- Hardcover: 272 pages
- Publisher: Pegasus Books; 1 edition (June 15, 2014)
- Language: English
- ISBN-10: 160598566X
- ISBN-13: 978-1605985664
- Product Dimensions: 6.4 x 1.1 x 9.3 inches
- Shipping Weight: 1.1 pounds (View shipping rates and policies)
- Average Customer Review: 52 customer reviews
- Amazon Best Sellers Rank: #1,423,745 in Books (See Top 100 in Books)
Enter your mobile number or email address below and we'll send you a link to download the free Kindle App. Then you can start reading Kindle books on your smartphone, tablet, or computer - no Kindle device required.
To get the free app, enter your mobile phone number.
Papyrus: The Plant that Changed the World: From Ancient Egypt to Today's Water Wars 1st Edition
Use the Amazon App to scan ISBNs and compare prices.
This month's Book With Buzz: "The Lying Game" by Ruth Ware
From the instant New York Times bestselling author of blockbuster thrillers "In a Dark, Dark Wood" and "The Woman in Cabin 10" comes Ruth Ware’s chilling new novel, "The Lying Game." See more
Customers who bought this item also bought
Is there anything that papyrus can’t do? The tall, tassel-topped reed can be made into boats, mats, baskets, ropes, and, of course, paper. But its greatest usefulness may be serving as a natural water treatment plant, a role that occupies much of Gaudet’s presentation of a plant he has intensively studied. Describing various regions of Africa where papyrus swamps still exist, Gaudet explains their ecological effect of keeping water clean, their potential to ameliorate pollution, and the contextual politics of water use. Along the Nile River, at Lake Tanganyika and environs, and further south on the Zambezi and Okavango Rivers, Gaudet touts the potential of papyrus to contribute to solutions of neighboring countries’ conflicts over water. But papyrus-the-peacemaker is not what most readers associate with the plant; it is ancient Egypt, with which Gaudet begins his book. Noting its former range (little papyrus grows in modern Egypt), Gaudet ambles from properties of papyrus that underlie its usefulness to its ubiquitous depiction in pharaonic art and monumental architecture. Offering abundant information, Gaudet’s combination of environmental advocacy and botanical objectivity forms a unique resource about a unique organism. --Gilbert Taylor
“This fascinating and beautifully written book is an absolute eye opener into the extraordinary world of papyrus. John Gaudet has a remarkable story to tell, and he tells it extremely well. This is a wonderful, enlightening book with an important message for those concerned with the fragile ecology of our world.”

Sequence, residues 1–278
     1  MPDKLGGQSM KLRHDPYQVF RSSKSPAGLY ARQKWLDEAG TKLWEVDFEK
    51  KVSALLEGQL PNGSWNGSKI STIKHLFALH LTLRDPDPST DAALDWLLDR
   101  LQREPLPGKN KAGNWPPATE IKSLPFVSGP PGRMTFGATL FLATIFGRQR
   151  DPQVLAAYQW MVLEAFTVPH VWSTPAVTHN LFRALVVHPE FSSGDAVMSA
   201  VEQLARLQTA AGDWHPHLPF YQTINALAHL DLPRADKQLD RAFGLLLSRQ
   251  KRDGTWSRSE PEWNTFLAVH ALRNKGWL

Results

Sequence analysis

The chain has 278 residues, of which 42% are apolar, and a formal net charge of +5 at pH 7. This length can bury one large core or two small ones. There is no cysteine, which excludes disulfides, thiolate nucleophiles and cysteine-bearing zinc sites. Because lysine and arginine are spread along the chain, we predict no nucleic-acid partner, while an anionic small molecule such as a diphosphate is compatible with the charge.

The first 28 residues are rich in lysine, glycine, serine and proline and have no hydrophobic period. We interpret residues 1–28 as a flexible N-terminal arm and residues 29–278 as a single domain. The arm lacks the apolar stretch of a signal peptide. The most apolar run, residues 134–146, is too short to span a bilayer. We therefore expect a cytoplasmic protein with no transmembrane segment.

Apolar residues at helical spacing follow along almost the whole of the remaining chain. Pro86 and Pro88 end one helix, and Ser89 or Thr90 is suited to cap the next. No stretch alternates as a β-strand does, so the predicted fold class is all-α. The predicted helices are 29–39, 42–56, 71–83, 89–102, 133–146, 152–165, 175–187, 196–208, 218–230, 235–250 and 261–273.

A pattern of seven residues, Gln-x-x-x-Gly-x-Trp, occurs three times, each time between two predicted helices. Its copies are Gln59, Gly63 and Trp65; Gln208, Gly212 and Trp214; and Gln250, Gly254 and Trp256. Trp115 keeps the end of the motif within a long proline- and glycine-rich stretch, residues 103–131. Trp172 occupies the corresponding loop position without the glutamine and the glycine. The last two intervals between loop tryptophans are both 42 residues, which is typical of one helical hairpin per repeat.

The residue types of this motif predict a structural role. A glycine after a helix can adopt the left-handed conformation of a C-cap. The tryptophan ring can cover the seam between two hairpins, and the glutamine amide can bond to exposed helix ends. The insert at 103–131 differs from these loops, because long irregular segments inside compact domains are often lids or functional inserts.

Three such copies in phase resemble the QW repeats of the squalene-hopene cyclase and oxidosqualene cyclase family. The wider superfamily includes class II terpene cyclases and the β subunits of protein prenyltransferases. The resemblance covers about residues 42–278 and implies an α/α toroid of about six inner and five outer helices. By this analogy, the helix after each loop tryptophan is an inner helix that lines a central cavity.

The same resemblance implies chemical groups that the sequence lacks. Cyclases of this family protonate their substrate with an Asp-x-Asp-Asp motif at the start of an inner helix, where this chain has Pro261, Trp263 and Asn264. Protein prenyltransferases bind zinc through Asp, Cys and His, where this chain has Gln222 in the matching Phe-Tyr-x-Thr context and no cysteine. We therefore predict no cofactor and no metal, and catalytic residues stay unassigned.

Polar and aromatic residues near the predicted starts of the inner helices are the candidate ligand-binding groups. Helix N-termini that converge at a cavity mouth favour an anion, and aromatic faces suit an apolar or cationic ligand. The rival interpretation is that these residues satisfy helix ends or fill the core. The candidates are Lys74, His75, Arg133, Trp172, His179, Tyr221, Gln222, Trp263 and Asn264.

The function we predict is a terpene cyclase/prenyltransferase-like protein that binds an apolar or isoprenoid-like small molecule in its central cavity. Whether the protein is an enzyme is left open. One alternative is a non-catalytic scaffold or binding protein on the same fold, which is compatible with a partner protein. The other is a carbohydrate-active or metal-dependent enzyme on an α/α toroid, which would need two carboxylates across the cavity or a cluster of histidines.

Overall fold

- Alexander McCall Smith, bestselling author of the No. 1 Ladies' Detective Agency
“A versatile plant that has played a huge ecological and economic role, papyrus is brought into focus by John Gaudet in this outstanding book – a fascinating read, an enlightening story.”
- Peter H. Raven, President Emeritus, Missouri Botanical Garden, St. Louis
“A fascinating account of the plant that provided the world with paper for the first four thousand years of its history. I learned a lot from this book, not only about papyrus but also about how wetlands can serve as filters for waste-water and how marshes and tropical swamps can help conserve valuable water. Lively and well written.”
- Jean-Daniel Stanley, Senior Scientist Emeritus, National Museum of Natural History, Smithsonian Institution, Washington, D.C.
“The hardy reed that stood at the center of ancient Egyptian civilization can foster sustainable growth in the 21st century, asserts ecologist Gaudet...The challenges are daunting, but Gaudet’s detailed, undogmatic account of multiple attempts to counter overdevelopment with better practices inspires cautious optimism.”
- Kirkus Reviews
“One of the ways that papyrus changed the world was by providing the model, both structural and spatial, for the first temple complexes. The history of western architecture begins with the papyrus plant. John Gaudet tells a fascinating tale of the transmutation of vegetable into mineral, of graceful stems and umbels into the first stone columns, and of gladed swamps into sacred precincts. Architects and architectural historians should read this book and learn more about the beautiful and useful plant that inspired the earliest works of monumental architecture.”
- Colin Davies, Former Editor of the Architects’ Journal and Professor of Architectural Theory at London Metropolitan University
Browse award-winning titles. See more
Top customer reviews
Most recent customer reviews
I was fascinated to learn about the usefulness and importance of the Papyrus plant as, prior to reading the book, I...Read more